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How Spirits Brands Can Support Bars During the Holidays

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26/11/2021 The holidays are a very busy time and spirits brands can help out their on-premise buyers, by which the restaurants, their staff, and their customers aren’t likely to forget your brand.

How can spirits brands support bars as they recover from the devastating effects of the pandemic? 

Craft your spirits with consumers in mind by researching demographics and consumer trends and anticipating what consumers will want in 6 months, one year, even 3 years. Know your customer, and know their customers better than they do. Considering the reciprocal roles that spirits brands and bars play in the hospitality economy, the answer is to serve bars and restaurants as never before. Fill in the gaps left by the lack of front-of-house staff by creating a tantalizing beverage program that is tailor-made for a skeleton staff that provides confidence to each server and enables the staff to increase beverage sales easily. In other words: do their job for them. 

Few industries have been hit harder and for longer than bars and restaurants. Even as pandemic restrictions are relaxing, bars and restaurants continue to struggle. Tourism has climbed up slightly from an all-time low in 2020, but according to Global Travel Industry News tourism won’t recover to pre-pandemic levels until 2024. Business and personal travel are showing signs of recovery as more and more people get vaccinated.

Domestic travel and staycations are the first sectors showing real improvement because they allow for socially distant travel. Exploring one’s own backyard or setting off for a road trip to nearby locales are hot trends in 2021 that will extend to 2022. Airlines are showing an uptick of brave people willing to jet a bit farther, whether it is for business or for pleasure. These travelers are reseeding the hungry hospitality economy. Reuters reports that more than 110,000 restaurants and bars permanently shuttered during the pandemic and more than 2.5 million people lost their jobs. Spirits, particularly American high-end craft spirits brands, weathered the storm beautifully. According to, “Recently released data shows that revenue for US distilleries climbed 7.7% last year to hit $31.2 billion. This marked the fastest growth and the highest sales the spirits industry has seen in at least 40 years.”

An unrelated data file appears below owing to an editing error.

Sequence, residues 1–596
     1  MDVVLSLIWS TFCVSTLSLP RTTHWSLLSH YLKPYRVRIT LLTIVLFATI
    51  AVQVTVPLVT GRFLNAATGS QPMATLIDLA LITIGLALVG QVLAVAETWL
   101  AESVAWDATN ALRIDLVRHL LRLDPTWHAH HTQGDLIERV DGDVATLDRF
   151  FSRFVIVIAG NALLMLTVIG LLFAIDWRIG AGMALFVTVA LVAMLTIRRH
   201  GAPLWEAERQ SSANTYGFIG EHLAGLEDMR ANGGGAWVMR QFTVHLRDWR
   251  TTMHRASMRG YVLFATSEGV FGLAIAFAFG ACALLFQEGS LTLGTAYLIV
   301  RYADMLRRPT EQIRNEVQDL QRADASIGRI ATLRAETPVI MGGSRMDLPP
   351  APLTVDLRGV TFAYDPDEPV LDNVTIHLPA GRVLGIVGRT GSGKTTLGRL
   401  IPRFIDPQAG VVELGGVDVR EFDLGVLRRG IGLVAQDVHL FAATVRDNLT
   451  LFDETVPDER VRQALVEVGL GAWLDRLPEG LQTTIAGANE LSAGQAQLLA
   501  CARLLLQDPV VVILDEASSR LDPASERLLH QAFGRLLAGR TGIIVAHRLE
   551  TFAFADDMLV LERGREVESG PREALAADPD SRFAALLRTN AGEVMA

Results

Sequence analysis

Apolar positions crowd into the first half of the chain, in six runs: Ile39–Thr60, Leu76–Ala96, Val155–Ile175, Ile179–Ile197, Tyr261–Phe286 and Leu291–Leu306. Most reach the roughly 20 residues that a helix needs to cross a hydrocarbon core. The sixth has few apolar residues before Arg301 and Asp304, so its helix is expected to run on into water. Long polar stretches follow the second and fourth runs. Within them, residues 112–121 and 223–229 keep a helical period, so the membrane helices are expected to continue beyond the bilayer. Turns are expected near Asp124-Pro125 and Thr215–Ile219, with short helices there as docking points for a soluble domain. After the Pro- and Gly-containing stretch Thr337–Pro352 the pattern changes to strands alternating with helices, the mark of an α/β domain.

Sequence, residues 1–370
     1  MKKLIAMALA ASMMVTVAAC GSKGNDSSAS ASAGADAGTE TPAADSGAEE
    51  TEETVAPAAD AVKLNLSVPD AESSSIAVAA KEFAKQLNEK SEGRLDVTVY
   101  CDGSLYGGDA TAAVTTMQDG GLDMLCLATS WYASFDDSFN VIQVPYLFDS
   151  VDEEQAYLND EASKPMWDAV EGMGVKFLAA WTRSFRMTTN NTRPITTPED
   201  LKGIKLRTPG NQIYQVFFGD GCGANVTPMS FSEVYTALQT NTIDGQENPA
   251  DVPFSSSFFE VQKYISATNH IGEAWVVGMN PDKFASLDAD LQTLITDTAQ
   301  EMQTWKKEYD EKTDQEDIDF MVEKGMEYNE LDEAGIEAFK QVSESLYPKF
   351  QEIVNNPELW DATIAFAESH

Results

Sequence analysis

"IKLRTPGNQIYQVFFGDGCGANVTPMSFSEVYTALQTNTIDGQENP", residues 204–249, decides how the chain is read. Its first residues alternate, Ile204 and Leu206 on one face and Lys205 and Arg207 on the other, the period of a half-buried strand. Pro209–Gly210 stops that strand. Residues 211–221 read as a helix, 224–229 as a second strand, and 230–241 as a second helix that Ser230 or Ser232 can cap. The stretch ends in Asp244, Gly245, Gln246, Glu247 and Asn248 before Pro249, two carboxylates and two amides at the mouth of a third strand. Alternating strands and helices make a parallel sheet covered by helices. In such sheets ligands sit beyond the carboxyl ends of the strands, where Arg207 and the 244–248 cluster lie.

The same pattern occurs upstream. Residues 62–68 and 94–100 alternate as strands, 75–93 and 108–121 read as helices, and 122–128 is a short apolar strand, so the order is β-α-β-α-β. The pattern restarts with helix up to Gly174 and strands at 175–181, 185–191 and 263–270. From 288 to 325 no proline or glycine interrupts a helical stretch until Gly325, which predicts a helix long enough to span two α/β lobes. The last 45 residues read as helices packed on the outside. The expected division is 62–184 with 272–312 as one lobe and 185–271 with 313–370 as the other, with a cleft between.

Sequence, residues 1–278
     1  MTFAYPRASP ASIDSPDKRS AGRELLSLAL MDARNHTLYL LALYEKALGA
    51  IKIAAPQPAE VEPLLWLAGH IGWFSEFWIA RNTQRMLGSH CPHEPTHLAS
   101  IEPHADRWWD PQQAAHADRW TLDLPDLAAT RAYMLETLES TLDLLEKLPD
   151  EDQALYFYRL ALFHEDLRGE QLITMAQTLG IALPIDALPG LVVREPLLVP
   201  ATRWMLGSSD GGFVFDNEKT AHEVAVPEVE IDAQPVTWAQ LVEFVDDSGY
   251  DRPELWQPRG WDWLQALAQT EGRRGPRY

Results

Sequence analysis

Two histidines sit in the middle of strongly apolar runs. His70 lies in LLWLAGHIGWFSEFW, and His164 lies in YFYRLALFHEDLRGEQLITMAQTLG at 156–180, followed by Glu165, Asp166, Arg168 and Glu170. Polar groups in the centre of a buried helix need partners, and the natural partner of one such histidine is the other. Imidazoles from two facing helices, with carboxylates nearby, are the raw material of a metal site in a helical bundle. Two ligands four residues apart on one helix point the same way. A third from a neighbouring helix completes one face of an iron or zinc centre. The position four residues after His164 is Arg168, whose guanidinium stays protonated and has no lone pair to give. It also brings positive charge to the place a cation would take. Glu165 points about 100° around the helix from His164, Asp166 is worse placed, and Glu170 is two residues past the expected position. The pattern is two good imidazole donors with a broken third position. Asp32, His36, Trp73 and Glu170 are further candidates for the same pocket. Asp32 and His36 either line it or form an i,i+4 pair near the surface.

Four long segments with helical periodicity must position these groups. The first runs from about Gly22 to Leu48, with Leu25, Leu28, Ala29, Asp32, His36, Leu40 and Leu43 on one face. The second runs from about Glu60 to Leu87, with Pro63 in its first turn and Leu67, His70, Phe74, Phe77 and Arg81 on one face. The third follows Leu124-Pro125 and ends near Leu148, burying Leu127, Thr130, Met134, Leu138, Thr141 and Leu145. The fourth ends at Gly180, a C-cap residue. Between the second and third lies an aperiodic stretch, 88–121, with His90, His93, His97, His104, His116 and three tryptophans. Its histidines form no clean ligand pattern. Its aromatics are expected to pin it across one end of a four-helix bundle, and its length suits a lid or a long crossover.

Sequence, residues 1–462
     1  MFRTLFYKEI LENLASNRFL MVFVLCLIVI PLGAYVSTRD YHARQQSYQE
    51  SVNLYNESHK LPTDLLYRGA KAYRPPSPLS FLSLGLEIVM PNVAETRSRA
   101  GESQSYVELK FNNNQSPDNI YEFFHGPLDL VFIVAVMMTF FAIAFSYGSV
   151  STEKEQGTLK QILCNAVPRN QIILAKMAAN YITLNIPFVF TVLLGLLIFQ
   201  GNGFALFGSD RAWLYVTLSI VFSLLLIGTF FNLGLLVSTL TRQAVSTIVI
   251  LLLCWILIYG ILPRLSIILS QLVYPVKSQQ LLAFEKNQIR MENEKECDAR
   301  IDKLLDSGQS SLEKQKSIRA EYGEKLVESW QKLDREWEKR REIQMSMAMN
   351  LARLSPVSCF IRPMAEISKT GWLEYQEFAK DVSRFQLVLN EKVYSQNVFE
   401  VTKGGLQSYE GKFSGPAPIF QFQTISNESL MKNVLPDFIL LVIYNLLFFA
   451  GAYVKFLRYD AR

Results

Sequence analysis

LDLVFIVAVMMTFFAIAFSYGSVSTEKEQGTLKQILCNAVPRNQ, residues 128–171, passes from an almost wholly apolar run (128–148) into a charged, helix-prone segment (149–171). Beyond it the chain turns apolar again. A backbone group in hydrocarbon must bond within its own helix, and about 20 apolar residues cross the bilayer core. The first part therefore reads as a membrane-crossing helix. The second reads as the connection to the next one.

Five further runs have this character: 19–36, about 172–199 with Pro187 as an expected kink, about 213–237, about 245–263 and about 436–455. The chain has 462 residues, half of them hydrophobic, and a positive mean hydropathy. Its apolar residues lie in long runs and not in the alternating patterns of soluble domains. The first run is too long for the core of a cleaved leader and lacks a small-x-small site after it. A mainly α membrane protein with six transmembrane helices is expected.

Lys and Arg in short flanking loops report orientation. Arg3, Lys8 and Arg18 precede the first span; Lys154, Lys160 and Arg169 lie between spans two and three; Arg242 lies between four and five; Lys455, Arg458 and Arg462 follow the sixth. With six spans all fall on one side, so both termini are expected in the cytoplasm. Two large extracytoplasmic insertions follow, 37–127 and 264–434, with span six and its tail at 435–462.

Bar and restaurant owners report that their greatest obstacle to recovery is their inability to hire staff. Reluctant to return to a system of low and volatile wages after more than a year on consistent government assistance, accompanied by government-funded medical benefits, restaurant workers have taken the time to assess their lives and many have decided that toiling in a busy and often thankless business while dealing with unpleasant and sometimes unruly guests, is simply no longer the lifestyle they wish to pursue.

While some consumers may be reluctant to dine out, many people are ready to go out and commune with friends and family. They crave social interactions and miss being served. Now that vaccine passports are required to enter many bars, restaurants, and public venues across the nation, even the most reluctant are venturing out. Unfortunately, with 40% of the United States population yet unvaccinated and no longer welcome, the restaurant market pool has decreased significantly. Recent estimates show that restaurants may not fully recover until mid-2022. Restaurants need all the help they can get. What can spirits brands do? They can over-deliver in product quality, presentation, training, and consumer engagement.